Question Video: Creating and Solving Inverse Variation Equations Mathematics

A group of scouts receives a donation of $1,000 to fund places on an international jamboree. The amount each scout receives for their trip varies inversely with the number of scouts from the group going to the jamboree. Write an equation for π‘š, the amount each scout receives, in terms of 𝑛, the number of scouts from the group who are going to the jamboree. If 25 scouts from the group are going to the jamboree, how much will each scout receive from the donation?

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Video Transcript

A group of scouts receives a donation of 1,000 dollars to fund places on an international jamboree. The amount each scout receives for their trip varies inversely with the number of scouts from the group going to the jamboree. Write an equation for π‘š, the amount each scout receives, in terms of 𝑛, the number of scouts from the group who are going to the jamboree. And if 25 scouts from the group are going to the jamboree, how much will each scout receive from the donation?

We’re told that the amount of the donation of 1,000 dollars that each scout receives varies inversely to the number of scouts. So, to write an equation for π‘š in terms of 𝑛, let’s recall what we mean when we talk about items varying inversely to one another. Suppose we have variables 𝑦 and π‘₯. If 𝑦 varies inversely to π‘₯, that means that when π‘₯ increases, 𝑦 decreases. We write this as 𝑦 is proportional to one over π‘₯, and the corresponding equation we use to describe this is 𝑦 equals π‘˜ over π‘₯. π‘˜ is a constant, and we call it the constant of variation or the constant of proportionality.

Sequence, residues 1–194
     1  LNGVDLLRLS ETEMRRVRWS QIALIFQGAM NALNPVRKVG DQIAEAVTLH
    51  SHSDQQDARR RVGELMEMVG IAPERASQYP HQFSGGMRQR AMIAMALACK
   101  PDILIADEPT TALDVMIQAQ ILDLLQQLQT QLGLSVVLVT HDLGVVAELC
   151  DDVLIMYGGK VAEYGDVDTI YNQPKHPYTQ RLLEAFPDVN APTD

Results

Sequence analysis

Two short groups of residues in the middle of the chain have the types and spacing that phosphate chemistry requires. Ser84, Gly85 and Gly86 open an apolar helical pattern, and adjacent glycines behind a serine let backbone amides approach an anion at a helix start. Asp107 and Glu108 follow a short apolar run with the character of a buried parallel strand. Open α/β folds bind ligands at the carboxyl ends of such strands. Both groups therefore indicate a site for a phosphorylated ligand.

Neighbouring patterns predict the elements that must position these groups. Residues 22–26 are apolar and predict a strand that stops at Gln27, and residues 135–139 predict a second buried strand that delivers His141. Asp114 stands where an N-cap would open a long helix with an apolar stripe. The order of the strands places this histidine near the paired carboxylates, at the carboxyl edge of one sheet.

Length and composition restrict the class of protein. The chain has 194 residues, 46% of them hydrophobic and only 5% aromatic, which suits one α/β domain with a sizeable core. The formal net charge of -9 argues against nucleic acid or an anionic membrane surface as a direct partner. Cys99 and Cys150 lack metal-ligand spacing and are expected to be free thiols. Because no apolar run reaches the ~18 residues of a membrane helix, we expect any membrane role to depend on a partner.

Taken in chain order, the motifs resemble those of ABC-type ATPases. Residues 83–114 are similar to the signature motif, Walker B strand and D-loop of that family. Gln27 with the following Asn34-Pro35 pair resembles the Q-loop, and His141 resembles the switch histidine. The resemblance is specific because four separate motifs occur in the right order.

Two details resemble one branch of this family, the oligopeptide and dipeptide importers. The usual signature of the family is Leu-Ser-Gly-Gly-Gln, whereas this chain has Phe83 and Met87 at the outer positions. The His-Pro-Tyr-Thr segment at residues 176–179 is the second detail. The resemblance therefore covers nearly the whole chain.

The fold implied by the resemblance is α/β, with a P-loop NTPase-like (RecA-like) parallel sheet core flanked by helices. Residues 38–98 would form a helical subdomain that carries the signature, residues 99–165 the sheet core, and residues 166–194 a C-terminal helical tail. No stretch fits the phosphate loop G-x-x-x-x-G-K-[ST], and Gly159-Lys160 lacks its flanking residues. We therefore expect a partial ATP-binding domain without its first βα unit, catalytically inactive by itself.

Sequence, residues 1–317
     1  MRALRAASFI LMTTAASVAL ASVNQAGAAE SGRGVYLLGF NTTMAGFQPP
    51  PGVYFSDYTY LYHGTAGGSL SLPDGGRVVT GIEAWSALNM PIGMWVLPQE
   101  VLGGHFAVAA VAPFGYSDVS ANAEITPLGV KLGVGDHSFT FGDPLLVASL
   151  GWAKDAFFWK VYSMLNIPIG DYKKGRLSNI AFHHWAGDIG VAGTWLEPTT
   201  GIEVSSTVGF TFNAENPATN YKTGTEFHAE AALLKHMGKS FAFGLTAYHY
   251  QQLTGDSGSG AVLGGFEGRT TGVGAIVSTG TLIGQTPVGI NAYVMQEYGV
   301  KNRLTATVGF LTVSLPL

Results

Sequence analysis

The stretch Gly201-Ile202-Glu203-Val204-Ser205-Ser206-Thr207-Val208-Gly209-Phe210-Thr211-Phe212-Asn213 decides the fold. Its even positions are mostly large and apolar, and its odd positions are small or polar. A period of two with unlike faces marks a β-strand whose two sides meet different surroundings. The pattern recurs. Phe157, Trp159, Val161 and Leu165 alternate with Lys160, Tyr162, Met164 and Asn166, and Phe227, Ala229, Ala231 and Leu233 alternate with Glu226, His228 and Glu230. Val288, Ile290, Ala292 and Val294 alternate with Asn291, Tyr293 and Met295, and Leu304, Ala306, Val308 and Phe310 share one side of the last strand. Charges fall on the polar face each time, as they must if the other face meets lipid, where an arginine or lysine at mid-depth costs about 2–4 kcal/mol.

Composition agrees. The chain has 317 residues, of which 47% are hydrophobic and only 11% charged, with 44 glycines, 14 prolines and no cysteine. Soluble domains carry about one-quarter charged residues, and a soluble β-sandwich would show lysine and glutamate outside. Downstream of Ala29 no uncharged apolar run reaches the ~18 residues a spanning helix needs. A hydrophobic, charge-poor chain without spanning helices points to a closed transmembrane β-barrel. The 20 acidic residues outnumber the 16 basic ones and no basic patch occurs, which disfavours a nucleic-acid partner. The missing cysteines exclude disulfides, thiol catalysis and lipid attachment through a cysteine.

Now, in this question, we’re told that π‘š and 𝑛 are inversely proportional to one another. This means π‘š is directly proportional to one over 𝑛 or π‘š equals π‘˜ over 𝑛. In order to write an equation for π‘š, we need to work out the value of π‘˜. Now, we can use a little bit of logic and what we know about sharing to answer this, or we can use some starting figures. Let’s think about what those starting figures could be.

For instance, imagine we had one scout. It follows that that one scout would receive all of the money, so we can substitute π‘š equals 1,000 and 𝑛 equals one into our equation. So, 1,000 equals π‘˜ over one, meaning π‘˜ is simply equal to 1,000. And so, our equation is π‘š equals 1,000 over 𝑛. But of course, this makes a lot of sense if we think slightly logically. If we’re sharing 1,000 dollars between 𝑛 scouts, we know that sharing means divide, so it would make sense that each scout gets 1,000 divided by 𝑛 dollars. Either way, the equation for π‘š in terms of 𝑛 is π‘š equals 1,000 over 𝑛.

The second part of this question asks us how much money each scout receives if 25 of them go on the trip. So, to answer this, we’re going to use the equation we calculated in the first part of this question. But we’re going to let 𝑛 be equal to 25. So, π‘š in dollars is going to be the amount each scout will receive. It’s 1,000 divided by 25 which, of course, is equal to 40. So, the amount each student will receive is 40 dollars.

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